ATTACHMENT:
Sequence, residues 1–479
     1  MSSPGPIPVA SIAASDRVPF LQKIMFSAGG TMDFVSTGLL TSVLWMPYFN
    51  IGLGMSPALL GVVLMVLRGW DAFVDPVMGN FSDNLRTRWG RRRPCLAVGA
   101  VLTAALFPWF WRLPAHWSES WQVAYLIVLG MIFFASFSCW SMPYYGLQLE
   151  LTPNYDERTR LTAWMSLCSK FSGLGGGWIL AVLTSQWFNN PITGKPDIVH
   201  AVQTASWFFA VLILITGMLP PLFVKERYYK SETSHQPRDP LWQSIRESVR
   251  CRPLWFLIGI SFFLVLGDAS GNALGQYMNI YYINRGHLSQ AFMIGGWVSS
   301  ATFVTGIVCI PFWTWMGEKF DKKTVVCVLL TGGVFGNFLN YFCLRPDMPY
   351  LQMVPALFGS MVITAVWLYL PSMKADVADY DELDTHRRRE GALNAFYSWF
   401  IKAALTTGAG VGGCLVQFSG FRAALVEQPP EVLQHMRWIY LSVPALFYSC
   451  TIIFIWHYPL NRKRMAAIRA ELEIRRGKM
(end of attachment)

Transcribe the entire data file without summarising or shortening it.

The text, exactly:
Sequence, residues 1–479
     1  MSSPGPIPVA SIAASDRVPF LQKIMFSAGG TMDFVSTGLL TSVLWMPYFN
    51  IGLGMSPALL GVVLMVLRGW DAFVDPVMGN FSDNLRTRWG RRRPCLAVGA
   101  VLTAALFPWF WRLPAHWSES WQVAYLIVLG MIFFASFSCW SMPYYGLQLE
   151  LTPNYDERTR LTAWMSLCSK FSGLGGGWIL AVLTSQWFNN PITGKPDIVH
   201  AVQTASWFFA VLILITGMLP PLFVKERYYK SETSHQPRDP LWQSIRESVR
   251  CRPLWFLIGI SFFLVLGDAS GNALGQYMNI YYINRGHLSQ AFMIGGWVSS
   301  ATFVTGIVCI PFWTWMGEKF DKKTVVCVLL TGGVFGNFLN YFCLRPDMPY
   351  LQMVPALFGS MVITAVWLYL PSMKADVADY DELDTHRRRE GALNAFYSWF
   401  IKAALTTGAG VGGCLVQFSG FRAALVEQPP EVLQHMRWIY LSVPALFYSC
   451  TIIFIWHYPL NRKRMAAIRA ELEIRRGKM